To sum up the 3 general steps you have listed (Lets use a rock band as an example)
1. Make Song (Record Initial Tracks): This is typically the stage where the audio is actually recorded and the sampled/synthesized tracks are created. This is the stage that occurs in what most people call a "Recording Studio". In keeping with our example this is the stage where your goal as an engineer would be to capture good audio. The balance of tracks is less important here and you will be focusing primarily on capturing each individual track accurately. While some takes are done with full bands you will typically be recording one instrument at a time or possibly bass and drums together. Here you may use some EQ to get the sound you want but generally the tracks will be recorded as clean as possible.
This will occur in a place like this (Abby Road)
2. Mix Song: Now you have your individual tracks. Lets say 48 of them, drums (a bunch of ingle mic tracks and a few over head mics), bass, guitar, vox, piano and a few other percussion instruments. They have no effects on them and are individually really good tracks. You now will mix them so they become a coherent mix. Add in the effects you want maybe some more touch up with EQ and what ever else you want to put in. The end of this stage will be a mix near the final mix if not the final mix. Back in the day this very well would have become your master mix.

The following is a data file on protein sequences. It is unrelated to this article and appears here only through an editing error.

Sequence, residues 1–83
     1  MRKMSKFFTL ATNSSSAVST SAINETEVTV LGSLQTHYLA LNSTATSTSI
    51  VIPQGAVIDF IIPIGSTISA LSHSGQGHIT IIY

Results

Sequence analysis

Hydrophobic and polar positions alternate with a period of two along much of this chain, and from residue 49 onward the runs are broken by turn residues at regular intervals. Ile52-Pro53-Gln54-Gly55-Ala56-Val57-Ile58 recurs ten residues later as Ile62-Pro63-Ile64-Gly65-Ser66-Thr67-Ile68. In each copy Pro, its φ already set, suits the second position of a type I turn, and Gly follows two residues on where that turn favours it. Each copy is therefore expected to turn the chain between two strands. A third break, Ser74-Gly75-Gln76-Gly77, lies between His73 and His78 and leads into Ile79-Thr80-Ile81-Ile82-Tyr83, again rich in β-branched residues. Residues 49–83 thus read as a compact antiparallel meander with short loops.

This will occur in a place like this (generally no live room attached)
3. Master Song: First off, this is not always done although although its common if you have the budget. In some cases this is where the vocal track will actually be added into the mix. In others a complete mix will hit the mastering room for further touch up. The mastering engineer may or may not have the multitrack recording but often will only have the master stereo mix from the previous stage. They will touch up with some EQ, maybe a bit of reverb or other effects to their liking and prepare a final release mix. Often the mastering engineer is taking what may be already a perfect mix and either touching it up or tailoring it for more of a consumer situation. Either way this stage does not always happen but has become more common. This often occurs in a mastering studio which is much like a listening room.
This will occur in a place like (note no console present)